around by the impact of the bullets, then slowly crumpled
with a look of grim triumph on his face. He was dead before
he hit the ground." (page 162).
To conclude I can say that the plot development was simple
and easy to understand and to follow. The author organized
it in a way that fits the actual content of the plot.
The characters in the book, "The Outsiders" by S.E. Hinton,
were not very heroic-they were just humans-it was easy to
believe that this is the way they should be. The characters
in the plot give the reader a feeling this can be a true
story. The author has created the personality of the
characters through the descriptions of Ponyboy-the
narrator-and through their actions. Following are some
examples of these methods of getting familiar with a
character. Here is an example for a description of Ponyboy:
"Steve Randle was seventeen, tall and lean, with thick
greasy hair he kept combed in complicated swirls. He was
cocky, smart, and Soda's best buddy since grade school.
Steve's specialty was cars..." (page 17). The reader can
find this kind of descriptions almost everywhere in the
story, but especially in the beginning. I think the author
put them there because the reader does not know the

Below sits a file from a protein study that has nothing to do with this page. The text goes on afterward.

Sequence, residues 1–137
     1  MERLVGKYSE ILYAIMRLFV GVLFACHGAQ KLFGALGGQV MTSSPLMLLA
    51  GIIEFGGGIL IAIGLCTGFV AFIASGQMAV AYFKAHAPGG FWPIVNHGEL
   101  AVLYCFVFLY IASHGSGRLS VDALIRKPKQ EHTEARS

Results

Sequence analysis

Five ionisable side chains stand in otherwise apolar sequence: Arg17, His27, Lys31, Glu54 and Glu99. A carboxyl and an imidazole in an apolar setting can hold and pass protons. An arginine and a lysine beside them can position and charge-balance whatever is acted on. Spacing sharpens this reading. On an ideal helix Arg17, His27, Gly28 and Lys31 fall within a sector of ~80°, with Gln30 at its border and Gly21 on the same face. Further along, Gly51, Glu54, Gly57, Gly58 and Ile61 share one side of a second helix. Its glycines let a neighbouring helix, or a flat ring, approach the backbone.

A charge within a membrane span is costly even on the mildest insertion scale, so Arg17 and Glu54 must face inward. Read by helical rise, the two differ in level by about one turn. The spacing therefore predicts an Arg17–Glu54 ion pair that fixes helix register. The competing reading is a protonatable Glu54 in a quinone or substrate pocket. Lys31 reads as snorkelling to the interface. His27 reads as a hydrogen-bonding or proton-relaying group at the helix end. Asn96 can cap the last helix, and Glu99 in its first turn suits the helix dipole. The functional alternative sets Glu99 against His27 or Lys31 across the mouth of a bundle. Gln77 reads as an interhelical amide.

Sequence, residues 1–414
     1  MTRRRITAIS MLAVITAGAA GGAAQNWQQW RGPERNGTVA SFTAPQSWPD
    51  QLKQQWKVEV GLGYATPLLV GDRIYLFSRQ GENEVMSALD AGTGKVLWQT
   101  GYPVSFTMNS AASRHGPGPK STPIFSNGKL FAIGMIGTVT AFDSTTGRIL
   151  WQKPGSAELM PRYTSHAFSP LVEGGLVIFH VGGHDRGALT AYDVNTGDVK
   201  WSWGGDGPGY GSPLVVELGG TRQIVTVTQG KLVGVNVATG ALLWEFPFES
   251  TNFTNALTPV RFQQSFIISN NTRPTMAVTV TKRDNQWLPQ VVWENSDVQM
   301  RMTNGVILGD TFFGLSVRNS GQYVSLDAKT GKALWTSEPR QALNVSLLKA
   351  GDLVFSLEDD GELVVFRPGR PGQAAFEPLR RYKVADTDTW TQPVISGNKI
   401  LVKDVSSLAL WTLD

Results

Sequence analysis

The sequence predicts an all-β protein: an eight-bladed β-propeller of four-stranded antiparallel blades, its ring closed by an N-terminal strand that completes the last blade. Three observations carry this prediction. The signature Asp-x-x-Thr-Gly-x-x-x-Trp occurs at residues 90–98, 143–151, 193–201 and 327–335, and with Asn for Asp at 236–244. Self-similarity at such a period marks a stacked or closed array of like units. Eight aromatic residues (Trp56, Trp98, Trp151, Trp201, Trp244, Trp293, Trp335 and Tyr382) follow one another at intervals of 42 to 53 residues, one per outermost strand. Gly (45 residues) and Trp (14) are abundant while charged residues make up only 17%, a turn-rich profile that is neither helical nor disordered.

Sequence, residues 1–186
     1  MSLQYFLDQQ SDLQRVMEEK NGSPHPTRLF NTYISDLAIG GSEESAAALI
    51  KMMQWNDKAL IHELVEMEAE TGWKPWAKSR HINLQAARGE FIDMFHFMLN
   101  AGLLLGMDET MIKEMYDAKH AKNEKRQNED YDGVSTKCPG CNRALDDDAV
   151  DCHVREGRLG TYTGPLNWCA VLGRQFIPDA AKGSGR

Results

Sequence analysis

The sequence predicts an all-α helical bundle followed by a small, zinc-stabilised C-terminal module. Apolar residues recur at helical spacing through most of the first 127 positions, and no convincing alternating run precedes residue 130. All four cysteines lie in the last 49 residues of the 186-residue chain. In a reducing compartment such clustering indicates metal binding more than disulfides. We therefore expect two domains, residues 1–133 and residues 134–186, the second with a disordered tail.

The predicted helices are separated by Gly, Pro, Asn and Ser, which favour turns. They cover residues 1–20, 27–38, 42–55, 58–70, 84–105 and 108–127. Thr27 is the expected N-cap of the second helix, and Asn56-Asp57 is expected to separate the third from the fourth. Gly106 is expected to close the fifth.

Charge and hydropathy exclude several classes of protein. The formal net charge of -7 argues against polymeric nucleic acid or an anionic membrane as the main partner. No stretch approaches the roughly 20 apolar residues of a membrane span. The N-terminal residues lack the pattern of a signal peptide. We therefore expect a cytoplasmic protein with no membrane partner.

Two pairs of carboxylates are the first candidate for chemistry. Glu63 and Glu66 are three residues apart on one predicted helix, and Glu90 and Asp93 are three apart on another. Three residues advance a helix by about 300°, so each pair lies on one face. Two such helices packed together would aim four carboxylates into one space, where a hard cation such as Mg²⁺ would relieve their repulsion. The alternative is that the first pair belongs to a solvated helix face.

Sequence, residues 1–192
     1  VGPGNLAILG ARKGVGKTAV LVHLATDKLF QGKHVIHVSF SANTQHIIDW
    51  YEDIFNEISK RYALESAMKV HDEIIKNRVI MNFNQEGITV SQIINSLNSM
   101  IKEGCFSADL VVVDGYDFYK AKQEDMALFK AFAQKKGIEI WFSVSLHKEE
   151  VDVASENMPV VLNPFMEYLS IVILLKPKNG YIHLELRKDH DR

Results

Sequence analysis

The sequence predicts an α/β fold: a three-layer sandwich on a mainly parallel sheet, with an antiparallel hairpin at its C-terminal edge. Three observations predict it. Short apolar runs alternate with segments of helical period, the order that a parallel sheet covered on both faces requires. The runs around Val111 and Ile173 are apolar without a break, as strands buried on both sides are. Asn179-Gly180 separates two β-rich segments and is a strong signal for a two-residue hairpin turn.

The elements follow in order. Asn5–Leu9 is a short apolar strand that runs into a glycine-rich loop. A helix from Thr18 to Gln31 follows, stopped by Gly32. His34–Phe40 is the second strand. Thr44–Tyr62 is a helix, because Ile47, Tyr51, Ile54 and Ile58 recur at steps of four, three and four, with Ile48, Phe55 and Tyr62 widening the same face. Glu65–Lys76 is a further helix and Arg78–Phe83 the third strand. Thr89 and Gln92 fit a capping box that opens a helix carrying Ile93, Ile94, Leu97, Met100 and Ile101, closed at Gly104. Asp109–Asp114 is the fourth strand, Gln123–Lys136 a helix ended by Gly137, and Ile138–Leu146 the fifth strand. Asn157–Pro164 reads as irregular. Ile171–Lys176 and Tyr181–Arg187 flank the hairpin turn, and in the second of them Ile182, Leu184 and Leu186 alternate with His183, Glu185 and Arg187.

characters, and he needs to get familiar with them. The
descriptions make the reader know the characters better and
understand their actions. A good example of an action that
was taken and suggested something about a character is the
way Dally was killed. He wanted the police to kill him, so
he robbed a store, and the police officers shoot him.
This shows that Dally was sensitive to a death of a friend
although he acted like a tough guy. The dialogues in the
stories show the thoughts and the feelings of the speakers.
The way the gang members talk shows that they are gang
members and street boys, because they speak in street slang.
When the socs talk to greasers, the reader can feel their
aversion to them. Following are some examples for dialogues
that indicate something about the characters. Here is an
example for a dialogue with slang in it: "...so I can
still help Darry with the bills and stuff...Tuff enough.
Wait till I get out...I told you he don't mean half of what
he says..." (page 26). The highlighted words and phrases are
ones that will not be used in formal writing and they
even contain grammar mistakes. Here is an example for the
hate the socs have to the greasers: "`Hey, grease,' one said
in an over-friendly voice. `We're gonna do you a favor,
greaser. We're gonna cut all that long greasy hair off.'"
(page 13). The reader can feel the hatred of the socs to
the greaser in this dialogue when they tell him what they